It is really interesting that the Conservatives are talking about hypocrisy when they are also members of the party that has asked for leave to appeal in the Sharon McIvor case in British Columbia, in which a first nations woman who was being discriminated against won her case. The Conservatives said, “Wait a minute, we are going to make this woman wait even longer around her status and we are going to ask for leave to appeal”. If we are going to talk about hypocrisy in the House, we should be consistent.

The other issue around this is that when we are talking about Bill C-44, if we are going to respect first nations' inherent right to self-government and self-determination surely what we should do is institute an appropriate consultation process, which the government has failed to do on Bill C-44.

Aboriginal Affairs
Private Members' Business

5:45 p.m.

Liberal

Tina Keeper Churchill, MB

Mr. Speaker, I would like to continue with this line of questioning as well. It is, as the member said, a human rights issue. I was a little confused by the Conservative question because it seems to me that the Conservatives are saying that if we do not agree with Bill C-44, then they will not agree to provide health services for first nations children on reserve.

I want to know how the hon. member understood that question.

Aboriginal Affairs
Private Members' Business

5:50 p.m.

NDP

Jean Crowder Nanaimo—Cowichan, BC

Mr. Speaker, that is a very good question from the member for Churchill, because as well in regard to the Conservatives, Canada has a shameful record. We are one out of four countries in the world that failed to sign on to the United Nations declaration of indigenous rights.

If we want to talk about hypocrisy, the government has at its disposal right at this very moment the wherewithal to actually put money into first nations children on reserve.

Aboriginal Affairs
Private Members' Business

5:50 p.m.

Conservative

The Acting Speaker Royal Galipeau

The member for Abitibi—Témiscamingue for a brief question.

Aboriginal Affairs
Private Members' Business

5:50 p.m.

Bloc

Marc Lemay Abitibi—Témiscamingue, QC

Mr. Speaker, my question will be brief since I will have a chance to speak to the same issue a little later. I want to express the issue to the hon. member through a specific question.

How can we apply Jordan's principle when the provinces are unable to agree with the federal government, or vice versa, since quite often the federal government is unable to agree with the provinces? What can we do to reach a tripartite agreement on this?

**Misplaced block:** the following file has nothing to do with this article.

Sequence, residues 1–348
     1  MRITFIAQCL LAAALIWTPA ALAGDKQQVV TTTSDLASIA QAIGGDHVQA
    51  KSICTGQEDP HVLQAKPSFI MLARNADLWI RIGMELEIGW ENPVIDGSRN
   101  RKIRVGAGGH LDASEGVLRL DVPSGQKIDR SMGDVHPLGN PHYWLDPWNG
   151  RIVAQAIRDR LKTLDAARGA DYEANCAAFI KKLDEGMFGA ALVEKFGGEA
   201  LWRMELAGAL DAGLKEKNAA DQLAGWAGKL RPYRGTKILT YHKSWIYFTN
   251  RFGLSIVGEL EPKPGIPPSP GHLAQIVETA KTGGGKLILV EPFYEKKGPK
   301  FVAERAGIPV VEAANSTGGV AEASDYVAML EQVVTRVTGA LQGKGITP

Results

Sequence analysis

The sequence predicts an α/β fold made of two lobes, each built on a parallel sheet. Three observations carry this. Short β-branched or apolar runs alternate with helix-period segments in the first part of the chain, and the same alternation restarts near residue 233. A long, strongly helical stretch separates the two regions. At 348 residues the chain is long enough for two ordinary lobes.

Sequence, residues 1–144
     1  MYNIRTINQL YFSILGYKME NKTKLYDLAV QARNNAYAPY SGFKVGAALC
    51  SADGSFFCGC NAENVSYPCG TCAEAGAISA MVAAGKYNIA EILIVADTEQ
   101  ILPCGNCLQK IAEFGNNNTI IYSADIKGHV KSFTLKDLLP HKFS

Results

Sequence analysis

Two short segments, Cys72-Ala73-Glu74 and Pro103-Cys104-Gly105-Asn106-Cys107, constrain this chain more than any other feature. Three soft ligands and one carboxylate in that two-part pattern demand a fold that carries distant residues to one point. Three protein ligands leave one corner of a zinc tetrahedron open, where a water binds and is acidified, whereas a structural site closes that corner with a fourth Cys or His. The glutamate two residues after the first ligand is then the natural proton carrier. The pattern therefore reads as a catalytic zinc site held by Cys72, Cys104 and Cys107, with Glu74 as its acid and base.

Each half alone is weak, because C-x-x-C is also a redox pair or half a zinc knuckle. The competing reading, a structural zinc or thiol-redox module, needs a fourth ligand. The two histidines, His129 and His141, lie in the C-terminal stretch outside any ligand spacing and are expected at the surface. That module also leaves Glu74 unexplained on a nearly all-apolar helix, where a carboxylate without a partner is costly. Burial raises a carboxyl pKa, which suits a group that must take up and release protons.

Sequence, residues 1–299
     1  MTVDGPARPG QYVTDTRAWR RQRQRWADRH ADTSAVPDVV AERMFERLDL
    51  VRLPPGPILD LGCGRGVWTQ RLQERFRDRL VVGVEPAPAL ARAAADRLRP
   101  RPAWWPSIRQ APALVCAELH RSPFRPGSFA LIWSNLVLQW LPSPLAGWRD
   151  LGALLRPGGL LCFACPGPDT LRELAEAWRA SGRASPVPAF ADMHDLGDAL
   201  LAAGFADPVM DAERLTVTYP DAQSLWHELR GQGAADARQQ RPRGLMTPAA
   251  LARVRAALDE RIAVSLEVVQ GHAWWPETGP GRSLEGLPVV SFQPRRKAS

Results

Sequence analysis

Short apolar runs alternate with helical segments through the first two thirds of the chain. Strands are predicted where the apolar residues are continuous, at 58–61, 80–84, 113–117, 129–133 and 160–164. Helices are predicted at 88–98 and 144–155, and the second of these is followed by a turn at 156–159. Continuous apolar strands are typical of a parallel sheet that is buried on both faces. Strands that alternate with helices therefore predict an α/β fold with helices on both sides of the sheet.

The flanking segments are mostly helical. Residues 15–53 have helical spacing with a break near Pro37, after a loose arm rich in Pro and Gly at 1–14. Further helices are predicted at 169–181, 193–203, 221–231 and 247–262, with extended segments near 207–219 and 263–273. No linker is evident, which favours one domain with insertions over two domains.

Aboriginal Affairs
Private Members' Business

5:50 p.m.

NDP

Jean Crowder Nanaimo—Cowichan, BC

Mr. Speaker, this principle talks about putting children first and sorting out the jurisdictional issues later. When a child needs care, the federal government should step up and pay for it and sort out the jurisdictional issues after the fact.

Aboriginal Affairs
Private Members' Business

5:50 p.m.

Charleswood—St. James—Assiniboia
Manitoba

Conservative

Steven Fletcher Parliamentary Secretary for Health

Mr. Speaker, I would like to say that I fully support the intent of the motion introduced by the hon. member for Nanaimo—Cowichan.

Let me say first, though, that in response to my previous question about consultation, I do not understand why consultation is needed to provide people with human rights. It is a self-evident truth. I hope the other parties that disagree will reconsider their position so that we can move forward with the repeal of section 67.

To talk specifically to Jordan's principle, let me say that it appears to offer a straightforward solution to the provision of health services to first nations and Inuit children, but it is a complex problem. At present, a maze of administrative and funding procedures across governments compounds how these services are provided. Although the procedures may be rooted in good intentions, in practice they subordinate the interests of the child.

Jordan's principle calls on all government agencies to provide the services first and resolve the paperwork later. This government supports Jordan's principle and is committed to making improvements in the lives of first nations and Inuit children, women and families. I call upon my colleagues across governments to work together.

The need among first nations and Inuit children is both obvious and acute, particularly given that the level of disability among first nations and Inuit children is high and access to care is impeded by geographic location and limited services in rural and remote areas and isolated communities.

This government will continue to take action in an effort to improve the health of first nations and Inuit people of all ages. The programs and investments now in place aim to address the particular health problems of first nations and Inuit.